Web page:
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$160G City Settlement for MVO Bias Victim

Published: May 20, 2011

Publication: The Chief

By David Sims

A Motor Vehicle Operator who charged that he was denied a promotion on racial grounds by his African-American supervisors has won a settlement of $160,000 from the city in a case that dragged on for nine years.

Thomas Aulicino, a District Council 37 Local 983 member who worked for the Department of Homeless Services, initially had his case dismissed by a Federal judge, but that ruling was overturned in September 2009 by the U.S. Court of Appeals.

‘Won’t Promote That White Guy’

Mr. Aulicino said he had been harassed at work before and after he was passed over for promotion in 2002, despite being the most-qualified candidate for the job. When he sued the city, the harassment increased, he charged.

“It was going to go to trial; the evidence was pretty damning,” Mr. Aulicino’s attorney, Arthur Schwartz said in a phone interview. “There was a note from the supervisor in charge of promotions saying, ‘I’m not giving a promotion to that white guy.’” He identified the supervisor as Frank John.

City attorney Eric Eichenholtz, a senior counsel in the Law Department’s Labor & Employment Law Division, said in a statement, “The city agreed to a settlement in which Mr. Aulicino has agreed to retire from city employment to bring closure to seven years of litigation. In the context of all information available to us, there was no basis for disciplining Frank John.”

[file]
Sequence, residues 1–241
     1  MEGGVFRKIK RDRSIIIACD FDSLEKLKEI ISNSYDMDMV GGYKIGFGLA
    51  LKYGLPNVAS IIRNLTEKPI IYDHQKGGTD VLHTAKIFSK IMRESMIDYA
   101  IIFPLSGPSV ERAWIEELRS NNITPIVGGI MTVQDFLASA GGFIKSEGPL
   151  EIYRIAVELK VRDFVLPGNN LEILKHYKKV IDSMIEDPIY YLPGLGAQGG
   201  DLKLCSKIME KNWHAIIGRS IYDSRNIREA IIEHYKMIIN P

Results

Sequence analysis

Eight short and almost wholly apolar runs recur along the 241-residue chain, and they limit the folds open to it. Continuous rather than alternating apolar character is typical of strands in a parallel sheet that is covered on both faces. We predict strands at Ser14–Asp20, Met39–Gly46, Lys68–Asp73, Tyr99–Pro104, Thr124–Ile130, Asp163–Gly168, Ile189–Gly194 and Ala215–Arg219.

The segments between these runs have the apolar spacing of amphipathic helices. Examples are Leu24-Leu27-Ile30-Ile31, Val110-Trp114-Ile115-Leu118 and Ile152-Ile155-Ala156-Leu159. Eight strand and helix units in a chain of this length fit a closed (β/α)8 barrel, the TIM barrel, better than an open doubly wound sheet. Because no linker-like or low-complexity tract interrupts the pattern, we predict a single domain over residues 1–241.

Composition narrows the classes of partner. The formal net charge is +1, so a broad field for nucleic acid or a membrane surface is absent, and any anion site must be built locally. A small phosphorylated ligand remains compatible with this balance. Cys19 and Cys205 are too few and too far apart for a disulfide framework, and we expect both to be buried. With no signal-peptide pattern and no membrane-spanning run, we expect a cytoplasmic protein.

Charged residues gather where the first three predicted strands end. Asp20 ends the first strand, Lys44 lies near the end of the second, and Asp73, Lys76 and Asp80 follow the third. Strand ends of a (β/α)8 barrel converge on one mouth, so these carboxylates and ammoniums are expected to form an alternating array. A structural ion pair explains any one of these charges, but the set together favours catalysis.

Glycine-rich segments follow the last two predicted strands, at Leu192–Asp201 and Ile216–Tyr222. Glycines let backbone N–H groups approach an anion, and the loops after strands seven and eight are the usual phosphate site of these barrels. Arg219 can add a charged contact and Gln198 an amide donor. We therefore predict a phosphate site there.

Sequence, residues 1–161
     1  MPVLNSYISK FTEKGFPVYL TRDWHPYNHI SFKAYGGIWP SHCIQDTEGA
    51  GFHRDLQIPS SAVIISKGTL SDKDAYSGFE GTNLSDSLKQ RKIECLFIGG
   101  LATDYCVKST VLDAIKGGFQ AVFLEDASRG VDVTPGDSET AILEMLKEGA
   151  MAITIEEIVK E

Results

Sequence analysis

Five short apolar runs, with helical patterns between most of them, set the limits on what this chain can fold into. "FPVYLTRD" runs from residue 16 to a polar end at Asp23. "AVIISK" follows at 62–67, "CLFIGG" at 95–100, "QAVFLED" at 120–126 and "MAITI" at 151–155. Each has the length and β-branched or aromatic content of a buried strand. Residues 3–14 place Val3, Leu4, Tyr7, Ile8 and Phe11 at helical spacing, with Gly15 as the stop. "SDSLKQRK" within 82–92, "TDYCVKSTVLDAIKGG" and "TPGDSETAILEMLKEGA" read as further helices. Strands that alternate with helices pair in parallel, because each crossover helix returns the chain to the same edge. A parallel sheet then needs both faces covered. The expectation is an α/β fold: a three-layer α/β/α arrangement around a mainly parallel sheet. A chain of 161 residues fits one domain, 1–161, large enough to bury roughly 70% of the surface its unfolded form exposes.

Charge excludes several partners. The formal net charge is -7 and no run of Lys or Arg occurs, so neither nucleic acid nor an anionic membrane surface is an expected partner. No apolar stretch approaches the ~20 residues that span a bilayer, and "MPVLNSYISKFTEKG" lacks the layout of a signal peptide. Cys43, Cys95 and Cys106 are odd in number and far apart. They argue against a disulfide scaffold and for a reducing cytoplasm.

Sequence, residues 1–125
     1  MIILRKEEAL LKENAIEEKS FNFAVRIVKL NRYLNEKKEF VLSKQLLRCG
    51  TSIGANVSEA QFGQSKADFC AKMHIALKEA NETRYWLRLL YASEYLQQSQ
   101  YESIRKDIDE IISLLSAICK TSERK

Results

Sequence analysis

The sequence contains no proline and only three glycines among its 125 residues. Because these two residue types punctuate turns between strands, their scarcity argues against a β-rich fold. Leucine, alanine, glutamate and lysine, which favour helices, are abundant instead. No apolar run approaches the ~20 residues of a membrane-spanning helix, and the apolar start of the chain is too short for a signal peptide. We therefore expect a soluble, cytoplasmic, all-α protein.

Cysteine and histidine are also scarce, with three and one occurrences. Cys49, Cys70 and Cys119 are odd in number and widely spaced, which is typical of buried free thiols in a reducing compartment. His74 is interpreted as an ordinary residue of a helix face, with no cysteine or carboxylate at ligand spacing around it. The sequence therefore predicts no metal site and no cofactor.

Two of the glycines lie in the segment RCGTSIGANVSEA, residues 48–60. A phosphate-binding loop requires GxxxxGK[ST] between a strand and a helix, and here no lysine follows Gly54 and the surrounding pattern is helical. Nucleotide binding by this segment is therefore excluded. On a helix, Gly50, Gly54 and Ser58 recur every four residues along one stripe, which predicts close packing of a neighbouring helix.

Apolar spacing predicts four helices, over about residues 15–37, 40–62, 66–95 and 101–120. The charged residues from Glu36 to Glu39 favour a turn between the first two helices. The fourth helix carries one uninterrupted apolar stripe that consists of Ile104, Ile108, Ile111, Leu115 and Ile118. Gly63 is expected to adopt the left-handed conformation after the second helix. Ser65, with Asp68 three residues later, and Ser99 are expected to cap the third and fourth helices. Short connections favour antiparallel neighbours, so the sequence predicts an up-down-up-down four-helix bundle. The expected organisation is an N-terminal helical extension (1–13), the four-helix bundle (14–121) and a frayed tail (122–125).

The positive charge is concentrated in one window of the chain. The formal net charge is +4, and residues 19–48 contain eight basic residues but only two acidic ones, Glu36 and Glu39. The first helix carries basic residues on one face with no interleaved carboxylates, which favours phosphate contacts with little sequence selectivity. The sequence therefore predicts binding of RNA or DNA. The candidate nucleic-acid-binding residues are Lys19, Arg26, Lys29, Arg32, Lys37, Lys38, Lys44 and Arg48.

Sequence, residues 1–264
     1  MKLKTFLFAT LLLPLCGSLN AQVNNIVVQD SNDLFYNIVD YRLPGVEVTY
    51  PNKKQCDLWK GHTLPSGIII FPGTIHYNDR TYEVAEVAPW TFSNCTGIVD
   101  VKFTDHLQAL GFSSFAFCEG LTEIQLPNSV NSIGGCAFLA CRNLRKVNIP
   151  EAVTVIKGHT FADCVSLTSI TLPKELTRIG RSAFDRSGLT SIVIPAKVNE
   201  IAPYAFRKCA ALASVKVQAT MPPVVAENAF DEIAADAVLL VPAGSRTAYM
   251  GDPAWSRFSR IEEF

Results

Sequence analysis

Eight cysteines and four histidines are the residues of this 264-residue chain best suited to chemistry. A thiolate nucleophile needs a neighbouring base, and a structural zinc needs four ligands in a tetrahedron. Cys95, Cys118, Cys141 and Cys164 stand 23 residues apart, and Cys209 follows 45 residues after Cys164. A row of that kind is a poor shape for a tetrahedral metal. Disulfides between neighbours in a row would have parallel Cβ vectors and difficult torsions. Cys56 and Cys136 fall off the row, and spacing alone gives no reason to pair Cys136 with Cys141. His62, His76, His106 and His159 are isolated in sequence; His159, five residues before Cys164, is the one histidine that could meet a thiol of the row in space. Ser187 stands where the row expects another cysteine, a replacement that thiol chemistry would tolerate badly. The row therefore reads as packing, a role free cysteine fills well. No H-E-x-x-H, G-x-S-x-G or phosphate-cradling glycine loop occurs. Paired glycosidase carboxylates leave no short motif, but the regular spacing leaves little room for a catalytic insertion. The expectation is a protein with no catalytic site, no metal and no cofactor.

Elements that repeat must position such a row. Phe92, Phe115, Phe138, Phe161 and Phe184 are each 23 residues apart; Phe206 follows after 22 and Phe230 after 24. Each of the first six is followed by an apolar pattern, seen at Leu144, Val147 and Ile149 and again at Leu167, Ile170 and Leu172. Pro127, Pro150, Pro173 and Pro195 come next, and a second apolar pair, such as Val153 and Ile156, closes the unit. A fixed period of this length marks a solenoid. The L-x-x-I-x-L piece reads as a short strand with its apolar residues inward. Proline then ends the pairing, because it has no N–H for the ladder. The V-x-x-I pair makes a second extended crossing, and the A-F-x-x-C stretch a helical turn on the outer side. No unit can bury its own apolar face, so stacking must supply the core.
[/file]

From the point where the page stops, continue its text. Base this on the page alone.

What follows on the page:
The settlement with the city includes a retroactive promotion to the Motor Vehicle Supervisor position, all back pay and overtime opportunities that came with it, and pay for a three-month period Mr. Aulicino took off because of emotional distress over his harassment. It also includes $98,000 in damages.

“In a denial of promotion case, to get $160,000 is fairly unusual,” Mr. Schwartz said. “It was a pretty strong case that he was better-qualified than the other guy. And then what went on afterwards, it would have been risky for the city [to go to trial]. He just was treated horribly.”

The settlement includes the provision that Mr. Aulicino can retire this month, the earliest date at which he is eligible to retire under the 55/25 retirement option. He will receive his back pay a day before retirement so that it has the maximum beneficial effect on his pension.

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